The Politics of Green Space
WHAT A DIFFERENCE a few months make when it comes to the politically barbed issue of suburban development pressures. Last summer, when they began debating whether to allow big churches to be built in Montgomery County's sprawling, bucolic agricultural reserve, local leaders spoke gingerly of the need to strike a balance between the environment and property rights. But by the time decision time rolled around this week, the delicate talk of balance had morphed into bold support for the grandeur of green space. Having clearly heard from a surfeit of voters fed up with traffic and sprawl, County Council members voted to stiff-arm the churches that had hoped to build sanctuaries amid the farmland.
No doubt Montgomery's agricultural reserve -- 93,000 acres of rustic charm set aside in 1980 and comprising about a third of the county -- is a treasure, increasingly so in a region that is busily paving fields. It remains the biggest chunk of unspoiled land in the metropolitan area, a refuge in the northwestern portion of the county for horses and cattle, sheep and orchards, pumpkin patches and, blessedly, comparative peace and quiet.
Understandably, county politicians wanted to keep it that way. But they also recognized the existence of a zoning exemption, as old as the reserve itself, that allowed for the possibility of some private schools, day-care centers and churches. Mindful of that exemption, a few churches planned to build new upcounty sanctuaries in the reserve. To do so, they needed public water and sewer lines extended to their properties, and for that they needed approval from the council.
In another political season, they might have gotten it. The churches are large and growing -- 2,500 congregants, in the case of one applicant, Bethel World Outreach Ministries, which has outgrown its current quarters in Silver Spring -- but the council could have limited them to building on just a fraction of their land in the reserve while keeping the rest untouched or in agricultural use. The council also could have given the go-ahead to the few churches whose expansion plans are in the pipeline, then barred new building in the reserve. That would have been reasonable. But council members were faced with the public's rising hostility to fast growth, a scandal involving the disregard of development limits in Clarksburg, and the distaste for the proliferation of McMansions -- to say nothing of council members' own reelection prospects next year. In such an environment, the churches didn't stand a chance.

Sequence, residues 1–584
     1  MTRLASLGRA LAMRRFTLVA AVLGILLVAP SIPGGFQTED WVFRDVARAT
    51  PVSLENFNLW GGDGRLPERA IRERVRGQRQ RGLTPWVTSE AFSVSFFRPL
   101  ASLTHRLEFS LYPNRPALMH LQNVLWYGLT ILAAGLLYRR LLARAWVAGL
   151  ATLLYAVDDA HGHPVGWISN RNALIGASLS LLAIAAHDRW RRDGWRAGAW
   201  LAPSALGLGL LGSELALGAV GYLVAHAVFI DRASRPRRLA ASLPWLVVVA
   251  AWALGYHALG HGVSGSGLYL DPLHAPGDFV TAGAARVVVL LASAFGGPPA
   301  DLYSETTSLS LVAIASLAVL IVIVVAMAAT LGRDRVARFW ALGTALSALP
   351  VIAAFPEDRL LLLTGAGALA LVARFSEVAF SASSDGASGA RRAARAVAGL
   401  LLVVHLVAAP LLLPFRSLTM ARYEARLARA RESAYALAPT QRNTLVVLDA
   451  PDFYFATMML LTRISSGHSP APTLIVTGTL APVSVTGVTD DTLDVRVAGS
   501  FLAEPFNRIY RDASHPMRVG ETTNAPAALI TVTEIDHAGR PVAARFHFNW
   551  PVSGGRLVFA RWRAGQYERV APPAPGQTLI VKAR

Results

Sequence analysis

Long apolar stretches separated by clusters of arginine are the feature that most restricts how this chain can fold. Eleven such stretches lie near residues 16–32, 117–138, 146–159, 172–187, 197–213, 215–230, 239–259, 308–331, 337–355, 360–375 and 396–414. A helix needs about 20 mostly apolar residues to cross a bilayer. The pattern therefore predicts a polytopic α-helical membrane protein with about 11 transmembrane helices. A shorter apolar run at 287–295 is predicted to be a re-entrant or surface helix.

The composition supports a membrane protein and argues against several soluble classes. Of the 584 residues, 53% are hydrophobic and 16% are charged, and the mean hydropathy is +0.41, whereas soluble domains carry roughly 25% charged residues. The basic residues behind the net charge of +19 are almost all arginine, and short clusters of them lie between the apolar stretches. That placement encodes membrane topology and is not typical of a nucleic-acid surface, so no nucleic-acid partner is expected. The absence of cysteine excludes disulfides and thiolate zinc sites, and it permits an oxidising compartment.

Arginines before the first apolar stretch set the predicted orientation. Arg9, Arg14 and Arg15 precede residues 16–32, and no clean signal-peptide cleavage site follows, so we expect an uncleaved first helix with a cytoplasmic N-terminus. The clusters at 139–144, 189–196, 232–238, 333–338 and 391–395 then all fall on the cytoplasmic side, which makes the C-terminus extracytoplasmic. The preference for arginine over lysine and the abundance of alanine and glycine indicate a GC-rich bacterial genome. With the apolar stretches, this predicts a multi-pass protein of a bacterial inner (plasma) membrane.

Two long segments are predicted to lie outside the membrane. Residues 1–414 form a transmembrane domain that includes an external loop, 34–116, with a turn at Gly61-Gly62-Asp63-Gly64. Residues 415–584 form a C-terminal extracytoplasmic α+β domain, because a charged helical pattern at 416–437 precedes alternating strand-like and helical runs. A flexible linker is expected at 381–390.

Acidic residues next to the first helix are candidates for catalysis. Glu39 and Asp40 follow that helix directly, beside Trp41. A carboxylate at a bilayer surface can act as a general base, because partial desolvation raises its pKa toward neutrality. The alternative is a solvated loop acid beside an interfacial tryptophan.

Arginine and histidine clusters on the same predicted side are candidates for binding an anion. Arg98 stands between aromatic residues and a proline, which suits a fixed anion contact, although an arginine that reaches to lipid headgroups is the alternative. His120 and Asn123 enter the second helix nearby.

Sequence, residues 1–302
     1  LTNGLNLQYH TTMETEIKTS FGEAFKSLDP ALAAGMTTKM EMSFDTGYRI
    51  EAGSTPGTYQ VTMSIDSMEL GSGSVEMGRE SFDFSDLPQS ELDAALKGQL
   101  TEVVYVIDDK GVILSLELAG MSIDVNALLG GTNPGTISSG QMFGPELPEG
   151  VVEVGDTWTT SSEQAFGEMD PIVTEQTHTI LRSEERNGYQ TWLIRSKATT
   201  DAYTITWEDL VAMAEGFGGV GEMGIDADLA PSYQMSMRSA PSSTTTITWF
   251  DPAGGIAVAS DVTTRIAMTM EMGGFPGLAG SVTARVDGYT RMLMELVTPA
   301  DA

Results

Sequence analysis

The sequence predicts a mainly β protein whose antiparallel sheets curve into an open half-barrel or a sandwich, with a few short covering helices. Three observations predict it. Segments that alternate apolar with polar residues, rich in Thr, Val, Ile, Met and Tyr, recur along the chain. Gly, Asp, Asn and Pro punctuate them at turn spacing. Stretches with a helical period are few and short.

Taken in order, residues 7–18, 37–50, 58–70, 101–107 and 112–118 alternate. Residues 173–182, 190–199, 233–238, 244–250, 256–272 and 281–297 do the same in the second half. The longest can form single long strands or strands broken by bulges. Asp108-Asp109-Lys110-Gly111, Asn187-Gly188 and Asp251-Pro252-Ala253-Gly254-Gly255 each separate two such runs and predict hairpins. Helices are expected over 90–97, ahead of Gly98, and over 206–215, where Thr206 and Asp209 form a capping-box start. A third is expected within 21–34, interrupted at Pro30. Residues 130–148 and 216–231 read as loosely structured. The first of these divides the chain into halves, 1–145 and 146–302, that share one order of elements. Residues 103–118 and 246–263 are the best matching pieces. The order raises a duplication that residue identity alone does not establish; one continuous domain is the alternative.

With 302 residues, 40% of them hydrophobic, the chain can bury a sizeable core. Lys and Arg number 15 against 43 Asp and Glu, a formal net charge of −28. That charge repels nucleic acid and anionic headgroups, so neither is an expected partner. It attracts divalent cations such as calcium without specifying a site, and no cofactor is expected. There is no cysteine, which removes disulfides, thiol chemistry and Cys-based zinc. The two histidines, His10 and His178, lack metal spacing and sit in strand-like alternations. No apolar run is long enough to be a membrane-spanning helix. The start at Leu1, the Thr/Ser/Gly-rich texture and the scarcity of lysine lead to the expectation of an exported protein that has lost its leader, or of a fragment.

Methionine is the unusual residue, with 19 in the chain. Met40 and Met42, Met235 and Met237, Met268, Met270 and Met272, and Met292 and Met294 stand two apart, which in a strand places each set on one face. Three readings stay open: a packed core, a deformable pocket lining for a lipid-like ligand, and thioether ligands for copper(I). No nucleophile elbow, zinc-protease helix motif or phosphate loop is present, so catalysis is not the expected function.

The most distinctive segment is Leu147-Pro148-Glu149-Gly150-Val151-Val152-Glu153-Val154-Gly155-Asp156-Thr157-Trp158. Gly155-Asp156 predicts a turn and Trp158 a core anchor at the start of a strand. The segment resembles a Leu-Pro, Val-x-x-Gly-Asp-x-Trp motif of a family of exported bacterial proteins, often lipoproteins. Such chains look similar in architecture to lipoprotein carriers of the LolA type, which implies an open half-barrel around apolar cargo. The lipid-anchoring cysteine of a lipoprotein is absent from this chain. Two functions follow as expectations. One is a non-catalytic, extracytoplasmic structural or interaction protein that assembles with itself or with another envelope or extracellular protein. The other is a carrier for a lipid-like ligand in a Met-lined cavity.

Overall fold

Sadly, Bethel's pastor, Bishop Darlingston G. Johnson, is accusing the council of discrimination, religious and perhaps also racial; his church is multiracial and multinational, with plenty of African-born congregants. Some other religious leaders branded the council as "anti-church." The allegations are unfair, but they demonstrate the combustibility that has marked this debate. The council, having taken the politically safe course by shutting the door to churches and other private institutions in the agricultural reserve, should explore what can be done to help accommodate them elsewhere.